It’s a deal that will create a $13 billion telco player and has the potential to result in a tectonic shift in the Australian communications market.
The fact that Telstra’s share price rose 5% in response to the announcement the pair were investigating a merger suggests the market thinks all those synergies delivered from the deal will be enjoyed by shareholders rather than ploughed back into lower phone and internet prices.
Clearly this merger works for both parties. It is a ridiculously good fit and will save both plenty of costs and capital expenditure – enabling sharing of sites, access to 5G spectrum, some product bundling.
Sky News achieved record-breaking audiences across its evening programs Tuesday night as the channel delivered live and exclusive coverage of the still unfolding leadership crisis in Canberra.
Rolling coverage from Canberra this week saw political editor David Speers and chief political reporter Kieran Gilbert were the first to report the leadership positions had been vacated.
Political reporter Laura Jayes was then the first to confirm that Prime Minister Malcom Turnbull had won the leadership ballot.
The channel’s evening programs Credlin, The Bolt Report, Jones & Co and Paul Murray Live all set new audience records and delivered the channel’s largest Tuesday primetime audiences ever.
Credlin, anchored by Peta Credlin weeknights at 6pm, delivered its highest rating episode on record with an average audience of 71,320.
The Bolt Report, anchored by Andrew Bolt weeknights at 7pm, delivered its highest rating episode of the year and second-highest episode on record with an average audience of 83,137 viewers.
Jones & Co, anchored by Alan Jones and Peta Credlin Tuesdays at 8pm, achieved its highest rating episode on record, attracting an average audience of 98,792.
Paul Murray Live, anchored by award-winning broadcaster Paul Murray each Sunday–Thursday at 9pm, was the number one program on Sky News delivering its highest rating episode since 2016 with an average audience of 102,631.
Sky News was the number one channel on the Foxtel platform Tuesday (August 21) with a 4.2% audience share and achieved its highest rating day since 2016 and reached 479,000 unique viewers across the day.
Sky News recently announced its highest half-yearly ratings on record, now reaching more than one million Australians every week on Foxtel alone.
On Sunday September 2 at 6am AEST Sky News on WIN, a new dedicated 24-hour free-to-air news channel, will launch on the WIN Network’s Channel 53 in northern NSW and Channel 83 across all other WIN areas.
“The [AFL] Footy Show has been the most successful show on Australian television for a quarter of a century,” Eddie McGuire told the Herald Sun.
But is it true? asks TV Tonight.
On timeslot wins The AFL Footy Show has strong cred in its 3 markets, despite sliding numbers in recent years, reports TV Tonight’s David Knox.
As a successful panel show it has turned over millions in network revenue and that kind of longevity should be acknowledged in a fickle business. But that doesn’t make it the most successful show on Australian television for a quarter of a century. It’s this kind of arrogance that has arguably contributed to viewers turning off.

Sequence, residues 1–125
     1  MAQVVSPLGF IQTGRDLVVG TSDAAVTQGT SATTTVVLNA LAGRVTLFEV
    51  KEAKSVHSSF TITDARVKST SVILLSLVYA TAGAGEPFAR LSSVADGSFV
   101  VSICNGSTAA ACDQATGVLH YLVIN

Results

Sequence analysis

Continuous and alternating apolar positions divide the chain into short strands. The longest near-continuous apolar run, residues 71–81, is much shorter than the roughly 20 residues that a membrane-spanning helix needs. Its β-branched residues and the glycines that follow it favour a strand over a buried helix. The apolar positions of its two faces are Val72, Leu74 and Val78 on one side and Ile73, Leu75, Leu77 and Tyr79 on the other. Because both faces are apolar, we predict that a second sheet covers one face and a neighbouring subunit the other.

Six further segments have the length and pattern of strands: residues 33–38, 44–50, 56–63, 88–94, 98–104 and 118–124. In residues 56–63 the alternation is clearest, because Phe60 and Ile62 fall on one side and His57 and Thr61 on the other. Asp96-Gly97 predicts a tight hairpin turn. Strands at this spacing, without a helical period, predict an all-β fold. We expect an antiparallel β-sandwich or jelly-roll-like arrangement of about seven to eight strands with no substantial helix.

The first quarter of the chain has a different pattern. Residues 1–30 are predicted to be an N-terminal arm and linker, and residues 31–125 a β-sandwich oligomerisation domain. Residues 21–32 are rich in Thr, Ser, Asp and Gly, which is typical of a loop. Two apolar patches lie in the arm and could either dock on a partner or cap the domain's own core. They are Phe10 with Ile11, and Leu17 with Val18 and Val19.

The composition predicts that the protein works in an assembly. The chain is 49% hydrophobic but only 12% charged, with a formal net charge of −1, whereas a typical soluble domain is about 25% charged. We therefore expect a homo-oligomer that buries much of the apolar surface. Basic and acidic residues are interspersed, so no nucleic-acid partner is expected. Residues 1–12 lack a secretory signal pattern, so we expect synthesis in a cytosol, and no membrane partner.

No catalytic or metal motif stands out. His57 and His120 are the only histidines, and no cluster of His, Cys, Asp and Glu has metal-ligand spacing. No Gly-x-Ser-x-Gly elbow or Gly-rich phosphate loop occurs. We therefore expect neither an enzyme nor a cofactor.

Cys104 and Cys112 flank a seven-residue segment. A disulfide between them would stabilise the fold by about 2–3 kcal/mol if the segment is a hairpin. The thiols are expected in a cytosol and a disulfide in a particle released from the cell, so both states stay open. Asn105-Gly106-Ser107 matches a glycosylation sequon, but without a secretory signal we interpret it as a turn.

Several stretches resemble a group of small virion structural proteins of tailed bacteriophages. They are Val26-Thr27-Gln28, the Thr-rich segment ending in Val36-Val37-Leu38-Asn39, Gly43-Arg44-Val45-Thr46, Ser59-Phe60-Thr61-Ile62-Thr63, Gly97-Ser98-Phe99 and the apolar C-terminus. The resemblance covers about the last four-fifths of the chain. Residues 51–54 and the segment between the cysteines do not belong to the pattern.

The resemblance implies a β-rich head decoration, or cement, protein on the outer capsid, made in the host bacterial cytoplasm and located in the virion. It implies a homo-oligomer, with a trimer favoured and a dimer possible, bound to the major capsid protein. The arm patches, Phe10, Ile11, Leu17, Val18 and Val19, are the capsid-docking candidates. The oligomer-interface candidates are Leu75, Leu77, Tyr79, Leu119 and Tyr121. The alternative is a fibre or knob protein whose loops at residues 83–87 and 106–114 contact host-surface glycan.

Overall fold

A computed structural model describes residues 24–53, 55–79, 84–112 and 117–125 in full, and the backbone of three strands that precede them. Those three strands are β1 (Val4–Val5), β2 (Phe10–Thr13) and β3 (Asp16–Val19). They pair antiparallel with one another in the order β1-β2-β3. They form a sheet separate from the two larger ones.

Finding one show deserving of such a title is nigh on impossible. But it’s hard to look past the success around Home And Away.
After 30 years the show is still competitive in the tough 7pm timeslot. It is watched in more than 140 countries, has more Logie Awards than any single show, ignited multiple star careers and as a Seven-produced show has generated millions in revenue.
The end of the road for CBS’s The Big Bang Theory has arrived, reports The Hollywood Reporter.
Producers Warner Bros. Television announced Wednesday that the CBS comedy’s previously announced 12th season will be its last.
“We are forever grateful to our fans for their support of The Big Bang Theory during the past 12 seasons. We, along with the cast, writers and crew, are extremely appreciative of the show’s success and aim to deliver a final season, and series finale, that will bring The Big Bang Theory to an epic creative close,” WBTV and Chuck Lorre Productions said in a joint statement.
Created by Chuck Lorre and Bill Prady, The Big Bang Theory will wrap its 12-season run in May as TV’s longest-running multicamera comedy in history, with a record-breaking 279 episodes. The series finale will air in May. The decision arrives as CBS Entertainment president Kelly Kahl told reporters August 5 that CBS was in preliminary discussions to renew the show for a 13th season with producers WBTV.
“The Big Bang Theory has been the defining comedy of its generation,” Kahl said in a statement Wednesday. “All of us at the network take exceptional pride in this series that uniquely combines creative genius, commercial ratings success, cultural influence and characters who became so popular, they are easily known by just one name. We’re incredibly grateful for our partnership with Warner Bros., Chuck Lorre Productions and a brilliant cast and crew that has made such a ‘big bang’ and lasting legacy on the television landscape.”